Do you read a lot?”
“Yeah, I like to read. I’m not, like, a huge bookworm, but I like a good read.”
“What brings you aboard the Silentio?”
“Visiting family. In Florida. Aunts and uncles and cousins.” 
She made a face again.
“That sounds nice. Are you looking forward to that?”
“Ah! I see.”
Silence. He took a sip.
“Php!” She made a popping sound with her mouth, which startled the man.
“What?” he asked.
“Nothing, sorry.
I have Tourette’s.”
“Ahh, I see. What is that like?”
“Not great. I hate having to tic. I just wish it would stop. But it won’t.”
“What is your name?”
“That is a nice name. It fits you. What do you like to do?”
“Whaddaya mean?”
“I know you like to read, but I gather that is not your greatest passion.”
She took her hands from beneath her and began to gesture along with her speech.
“Well, I bring my guitar everywhere. I play it a lot. I’ll sing, too. When I’m concentrating on playing, I don’t tic.”
“What kind of songs do you play?”
“I like rock n roll. I play a…a lot of punk rock.”
“Music is wonderful. It might be the purest form of art. I’m not sure.”
“It’s meant a lot to me.”
“Some of my favorite dreams are when I dream of music. I’ve never heard music in the world to match it. It is so beautiful. I once dreamt – ”
She ticced.
 “ – that I was playing the piano. And because in dreams there are no physical limits, the music came straight of my subconscious, and was not diluted through the inability of my hands or my conscious mind. It was beautiful. Of course, I can’t remember the tune. I wonder if it even exists.”
 Her hands jerked and twisted in a frenzy.
“I like the style, but also, guitar feedback really calms me down,” she said. “Just, like, the noise of it. The humming and stuff. And I don’t tic hardly at all.”
“That is interesting. Well, all music is noise. I suppose the reverse is true as well.”
 “What about you,” she asked. “Where are you going?”
 “I am trying to get into the antique business. I have a contact who supposedly has several items of value that I can buy and resell. Interesting old items. I have been – “
 “ – selling out of my home, but I have found a storefront that I will open as soon as I have enough merchandise. In fact, here is my card. Please visit sometime, if you can.”
 She took the card.
 “This is only about forty-five minutes away from me,” she said. “I’ll have to stop by.”
 The man knew that meant he would never see her again. “It would be nice to see you there,” he said.
 “Do you like antiques? I mean, you like them a lot?”
 “Yes, I do. I suppose that comes from sifting through my parent’s basement as a child, turning up old relics from ancestors more mythical than remembered. It is always an interesting, mm, counterpoint to the current age.”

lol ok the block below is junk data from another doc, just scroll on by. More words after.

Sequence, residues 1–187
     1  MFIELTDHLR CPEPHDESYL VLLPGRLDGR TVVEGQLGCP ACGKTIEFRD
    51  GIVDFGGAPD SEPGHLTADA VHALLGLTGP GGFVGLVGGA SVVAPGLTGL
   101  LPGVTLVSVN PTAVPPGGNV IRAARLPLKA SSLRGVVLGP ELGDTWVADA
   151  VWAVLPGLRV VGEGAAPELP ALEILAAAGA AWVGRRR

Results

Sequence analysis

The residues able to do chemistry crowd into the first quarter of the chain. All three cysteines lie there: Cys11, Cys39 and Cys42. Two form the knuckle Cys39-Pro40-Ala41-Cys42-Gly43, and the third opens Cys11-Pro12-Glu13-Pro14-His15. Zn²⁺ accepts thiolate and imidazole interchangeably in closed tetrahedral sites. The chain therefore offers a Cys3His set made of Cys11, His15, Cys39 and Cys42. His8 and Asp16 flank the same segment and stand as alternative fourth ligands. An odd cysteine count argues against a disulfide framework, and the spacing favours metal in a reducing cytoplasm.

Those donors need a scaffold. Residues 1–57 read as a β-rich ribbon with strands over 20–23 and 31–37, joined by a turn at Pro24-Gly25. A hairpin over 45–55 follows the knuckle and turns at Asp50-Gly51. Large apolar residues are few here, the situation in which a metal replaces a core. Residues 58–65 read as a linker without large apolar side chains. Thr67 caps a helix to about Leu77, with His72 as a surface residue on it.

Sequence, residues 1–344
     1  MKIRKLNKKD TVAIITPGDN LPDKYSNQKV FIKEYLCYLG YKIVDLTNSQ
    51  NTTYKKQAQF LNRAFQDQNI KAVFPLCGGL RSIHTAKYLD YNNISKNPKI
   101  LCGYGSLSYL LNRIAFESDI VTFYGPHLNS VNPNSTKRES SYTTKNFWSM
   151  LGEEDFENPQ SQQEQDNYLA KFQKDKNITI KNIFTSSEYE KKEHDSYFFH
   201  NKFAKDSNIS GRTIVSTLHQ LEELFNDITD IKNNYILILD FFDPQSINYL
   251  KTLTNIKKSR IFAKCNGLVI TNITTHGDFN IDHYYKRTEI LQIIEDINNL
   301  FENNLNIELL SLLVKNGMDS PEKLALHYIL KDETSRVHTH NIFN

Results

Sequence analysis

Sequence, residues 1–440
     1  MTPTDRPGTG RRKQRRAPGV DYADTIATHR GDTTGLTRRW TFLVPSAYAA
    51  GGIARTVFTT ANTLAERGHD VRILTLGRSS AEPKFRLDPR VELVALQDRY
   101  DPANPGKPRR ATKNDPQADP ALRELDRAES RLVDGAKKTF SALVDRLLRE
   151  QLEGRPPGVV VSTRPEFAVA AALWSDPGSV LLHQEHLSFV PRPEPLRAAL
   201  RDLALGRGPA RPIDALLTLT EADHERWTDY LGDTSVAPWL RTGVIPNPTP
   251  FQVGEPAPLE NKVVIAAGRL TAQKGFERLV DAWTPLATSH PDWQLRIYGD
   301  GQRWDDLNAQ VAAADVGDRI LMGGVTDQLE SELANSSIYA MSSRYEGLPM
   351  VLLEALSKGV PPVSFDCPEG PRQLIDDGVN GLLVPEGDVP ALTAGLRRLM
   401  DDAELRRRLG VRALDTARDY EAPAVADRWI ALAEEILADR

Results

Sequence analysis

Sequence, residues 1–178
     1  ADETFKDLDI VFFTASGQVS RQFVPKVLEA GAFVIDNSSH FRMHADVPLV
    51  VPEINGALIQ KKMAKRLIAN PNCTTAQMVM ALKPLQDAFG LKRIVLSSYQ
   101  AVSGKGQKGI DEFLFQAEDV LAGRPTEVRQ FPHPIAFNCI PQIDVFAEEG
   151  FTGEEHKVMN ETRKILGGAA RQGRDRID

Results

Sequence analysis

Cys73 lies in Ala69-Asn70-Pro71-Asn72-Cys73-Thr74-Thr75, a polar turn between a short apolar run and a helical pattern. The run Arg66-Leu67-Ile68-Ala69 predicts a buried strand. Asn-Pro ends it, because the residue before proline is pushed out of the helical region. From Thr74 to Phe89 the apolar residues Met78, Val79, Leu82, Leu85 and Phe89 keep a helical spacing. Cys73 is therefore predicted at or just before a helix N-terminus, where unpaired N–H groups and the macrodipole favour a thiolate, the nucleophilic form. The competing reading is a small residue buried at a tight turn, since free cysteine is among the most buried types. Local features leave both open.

“Is it hard selling ‘em? If I had a…guitar store or a record store or something, I don’t think I’d be able to sell anything. I’d want to to keep it all.”
 “No. I do collect, but…the things I collect are different.”
 Mallory’s parents entered the quiet observation car.
 “Mallory! What are you doing in here?” asked her mother.
 “Reading,” she said, holding up her book for all to see.
 “You just wandered off!” said her father.
 In response, Mallory just shrugged. Then ticced.
 “And who is – ”
 “Hello, you must be Mallory’s parents. Your daughter is a wonderful conversationalist,’ the man introduced himself, as the daughter ticced.
 “Oh, thanks! Nice to meet you,” said the father. He glanced warily at the glass in the man’s hand. 
The man saw him looking. “Good for the heart,” he said defensively, and sipped.
“So what line of work are you in?”
“I am going into antiques. I am, in fact, travelling for that purpose – to see a buyer in sunny Florida.”
“Sounds great. I bet there’s good money in that, huh?”
“I mean, I’m watching these shows like Antique Roadshow, and the prices on those things…”
“Those tend to be the exceptions rather than the rule, but, yes, it happens. It all depends on whether there is a market for a thing or not. But as much as I can, I buy the things I would want to sell, rather than the things I think would sell. I’m old and idealistic. But of course we all would like the big sale.”
Phhp! Phhp! Phhp!
“Sure! Haha. Sure!”
Remember what the therapist said, Mal.
“Well, listen,” continued the father, “we’ll leave you alone now. It’s nice meeting you.”
“Not at all. You, too.”
The mother and father moved towards the door. Mallory still sat where she was.
“Hey, come on back to the room, Mallory. I don’t want you sitting out here alone so late.”
Mallory wordlessly obeyed, slowly pulling herself up from the bench, her shoulder ticcing as she did. “Phhp!” She grabbed her book and exited.
“Goodnight, Mallory,” said the man. “It was a pleasure speaking with you.”